Aug. 1, 2014 —
Ten Army soldiers assigned to DIA were inducted into the
reputable title of noncommissioned officer at DIA’s first Army NCO induction
ceremony held at DIA Headquarters July 29.
Sgt. Maj. of the Army Raymond F. Chandler III led the NCO
charge and was the keynote speaker at the ceremony.
“Our profession, in line with the expectations of the
American people, demands that you live a character-driven life,” said Chandler
while addressing the inductees. “Service is about putting your soldiers ahead
of your needs.”
The induction of nine Army sergeants and one staff sergeant
marks the first NCO induction to occur at DIA. Although Army personnel have
continuously worked at DIA in its nearly 53-year history, an official Army
element command at DIA Headquarters wasn’t formally established until 2013. NCO
inductions and similar ceremonies were previously conducted at other units
outside of DIA at the battalion level or higher.
The shift to NCO marks an important transition in an
enlisted service member’s career where a significant increase in leadership
responsibility is bestowed. NCO consideration is given to those who have
demonstrated a strong moral character in their careers with an aptitude to lead
“We are a standards-based Army; we are a standards-based
military,” said DIA Director Lt. Gen. Michael Flynn. “Don’t ever allow yourself
to get into any kind of habit where you say that this is the way we do it here.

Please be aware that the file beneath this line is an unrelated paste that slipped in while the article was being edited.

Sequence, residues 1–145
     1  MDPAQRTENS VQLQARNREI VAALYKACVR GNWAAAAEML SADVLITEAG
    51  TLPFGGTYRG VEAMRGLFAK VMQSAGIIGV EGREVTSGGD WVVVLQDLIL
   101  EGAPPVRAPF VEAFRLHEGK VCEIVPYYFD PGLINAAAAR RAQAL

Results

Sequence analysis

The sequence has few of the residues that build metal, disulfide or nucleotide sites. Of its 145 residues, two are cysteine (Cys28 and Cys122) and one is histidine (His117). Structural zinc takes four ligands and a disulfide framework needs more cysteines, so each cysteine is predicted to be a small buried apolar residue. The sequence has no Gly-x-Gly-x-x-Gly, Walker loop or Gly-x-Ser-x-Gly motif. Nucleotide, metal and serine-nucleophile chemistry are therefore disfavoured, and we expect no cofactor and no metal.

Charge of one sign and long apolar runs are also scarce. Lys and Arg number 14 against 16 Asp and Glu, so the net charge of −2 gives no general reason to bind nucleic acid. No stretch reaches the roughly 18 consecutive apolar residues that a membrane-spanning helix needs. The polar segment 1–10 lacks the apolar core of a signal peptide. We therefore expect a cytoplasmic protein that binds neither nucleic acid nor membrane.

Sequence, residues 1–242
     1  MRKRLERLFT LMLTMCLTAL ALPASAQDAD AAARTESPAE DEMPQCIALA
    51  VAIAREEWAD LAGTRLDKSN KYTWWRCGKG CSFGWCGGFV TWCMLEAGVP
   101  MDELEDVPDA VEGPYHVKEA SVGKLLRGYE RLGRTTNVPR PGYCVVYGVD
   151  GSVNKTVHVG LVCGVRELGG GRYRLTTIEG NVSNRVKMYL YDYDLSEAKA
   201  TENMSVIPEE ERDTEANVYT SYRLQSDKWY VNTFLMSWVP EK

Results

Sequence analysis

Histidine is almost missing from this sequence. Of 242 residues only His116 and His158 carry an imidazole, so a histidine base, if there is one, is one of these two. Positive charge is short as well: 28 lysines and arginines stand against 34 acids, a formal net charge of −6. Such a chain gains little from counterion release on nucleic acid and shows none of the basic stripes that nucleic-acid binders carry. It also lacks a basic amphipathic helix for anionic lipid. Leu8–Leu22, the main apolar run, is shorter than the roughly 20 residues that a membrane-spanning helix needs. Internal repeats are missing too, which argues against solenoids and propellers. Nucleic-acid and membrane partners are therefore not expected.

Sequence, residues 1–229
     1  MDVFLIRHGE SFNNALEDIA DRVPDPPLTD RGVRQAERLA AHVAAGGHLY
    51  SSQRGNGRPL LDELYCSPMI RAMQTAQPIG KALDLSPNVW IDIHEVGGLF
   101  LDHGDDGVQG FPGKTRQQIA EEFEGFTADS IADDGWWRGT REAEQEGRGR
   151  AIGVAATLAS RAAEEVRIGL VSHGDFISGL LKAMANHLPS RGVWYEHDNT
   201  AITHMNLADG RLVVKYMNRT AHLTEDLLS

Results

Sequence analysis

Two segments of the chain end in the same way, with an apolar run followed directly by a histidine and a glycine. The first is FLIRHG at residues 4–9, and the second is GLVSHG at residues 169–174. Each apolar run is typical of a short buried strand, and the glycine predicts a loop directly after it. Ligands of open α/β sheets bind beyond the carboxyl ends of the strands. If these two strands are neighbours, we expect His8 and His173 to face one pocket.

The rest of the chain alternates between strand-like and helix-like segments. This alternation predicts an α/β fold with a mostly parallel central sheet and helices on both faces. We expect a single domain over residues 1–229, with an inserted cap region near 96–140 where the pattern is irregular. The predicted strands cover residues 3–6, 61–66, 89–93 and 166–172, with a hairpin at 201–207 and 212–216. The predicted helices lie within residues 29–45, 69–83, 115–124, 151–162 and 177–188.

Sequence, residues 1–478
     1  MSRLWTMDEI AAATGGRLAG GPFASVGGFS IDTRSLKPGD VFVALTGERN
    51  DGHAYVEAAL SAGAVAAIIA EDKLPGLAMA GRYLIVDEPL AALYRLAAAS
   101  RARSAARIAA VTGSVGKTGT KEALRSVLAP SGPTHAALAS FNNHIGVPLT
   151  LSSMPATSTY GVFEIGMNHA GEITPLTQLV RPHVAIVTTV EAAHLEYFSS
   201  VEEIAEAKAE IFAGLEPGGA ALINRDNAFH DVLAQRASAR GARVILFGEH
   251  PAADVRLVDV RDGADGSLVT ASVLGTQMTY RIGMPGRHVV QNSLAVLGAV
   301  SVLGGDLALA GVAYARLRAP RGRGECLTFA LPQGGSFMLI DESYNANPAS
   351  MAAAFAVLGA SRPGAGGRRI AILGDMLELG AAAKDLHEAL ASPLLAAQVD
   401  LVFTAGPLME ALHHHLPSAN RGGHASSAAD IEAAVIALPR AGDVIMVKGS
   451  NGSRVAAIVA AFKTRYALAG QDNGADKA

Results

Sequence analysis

For the noncommissioned officer, you are the standard bearer.”
The ceremony included a Lighting of the Spirits event, where
three candles are lit representing values that NCOs uphold. A red candle
symbolizes courage and strength, white for purity and commitment, and blue for
valor and pride. A fourth, purple candle was lit to represent the joint nature
of current operations and recognize the contributions of fellow NCOs and petty
officers across the other services.
The ceremony culminated with a reciting of the NCO creed,
which stresses the values of leadership, integrity, professionalism and mission
accomplishment. NCOs continue a heritage of these qualities that can be
directly traced back to the army of Frederick the Great.
“The creed means more than just words,” said Chandler. “It’s
a commitment … not only to the soldiers that you lead, but to the Army and
ultimately to the nation. It’s part of what makes you a professional.”